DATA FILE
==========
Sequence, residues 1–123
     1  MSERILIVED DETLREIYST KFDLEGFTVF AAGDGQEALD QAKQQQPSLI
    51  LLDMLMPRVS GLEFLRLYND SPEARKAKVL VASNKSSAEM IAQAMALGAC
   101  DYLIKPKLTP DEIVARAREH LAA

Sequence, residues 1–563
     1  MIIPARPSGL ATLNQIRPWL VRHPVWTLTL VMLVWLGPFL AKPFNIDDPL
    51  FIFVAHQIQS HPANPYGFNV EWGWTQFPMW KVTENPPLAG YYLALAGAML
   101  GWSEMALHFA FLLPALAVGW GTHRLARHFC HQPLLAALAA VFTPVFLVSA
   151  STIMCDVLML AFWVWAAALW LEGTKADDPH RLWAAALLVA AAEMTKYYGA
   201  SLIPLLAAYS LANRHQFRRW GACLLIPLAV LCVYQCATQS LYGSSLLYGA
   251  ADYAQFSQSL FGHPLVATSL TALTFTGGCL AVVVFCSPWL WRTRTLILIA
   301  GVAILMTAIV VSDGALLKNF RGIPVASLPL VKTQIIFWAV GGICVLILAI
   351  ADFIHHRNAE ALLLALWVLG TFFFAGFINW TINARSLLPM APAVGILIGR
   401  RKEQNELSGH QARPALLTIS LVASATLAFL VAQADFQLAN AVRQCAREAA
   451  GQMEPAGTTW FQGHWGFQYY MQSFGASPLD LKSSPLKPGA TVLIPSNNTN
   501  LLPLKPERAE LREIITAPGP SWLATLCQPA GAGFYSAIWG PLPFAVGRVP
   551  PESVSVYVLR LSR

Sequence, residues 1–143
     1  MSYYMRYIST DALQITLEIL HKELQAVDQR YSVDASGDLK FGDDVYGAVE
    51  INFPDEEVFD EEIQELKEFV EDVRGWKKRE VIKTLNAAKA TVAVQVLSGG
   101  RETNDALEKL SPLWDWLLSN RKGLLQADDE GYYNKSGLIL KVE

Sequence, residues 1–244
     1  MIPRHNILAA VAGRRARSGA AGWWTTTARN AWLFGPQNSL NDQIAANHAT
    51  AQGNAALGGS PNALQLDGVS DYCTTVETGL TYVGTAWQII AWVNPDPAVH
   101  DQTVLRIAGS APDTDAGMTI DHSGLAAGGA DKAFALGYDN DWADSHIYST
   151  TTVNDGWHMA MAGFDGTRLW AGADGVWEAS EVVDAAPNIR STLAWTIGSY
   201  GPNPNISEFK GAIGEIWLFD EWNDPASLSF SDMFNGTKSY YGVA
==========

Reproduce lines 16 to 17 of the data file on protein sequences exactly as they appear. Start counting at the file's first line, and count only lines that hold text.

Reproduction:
   501  LLPLKPERAE LREIITAPGP SWLATLCQPA GAGFYSAIWG PLPFAVGRVP
   551  PESVSVYVLR LSR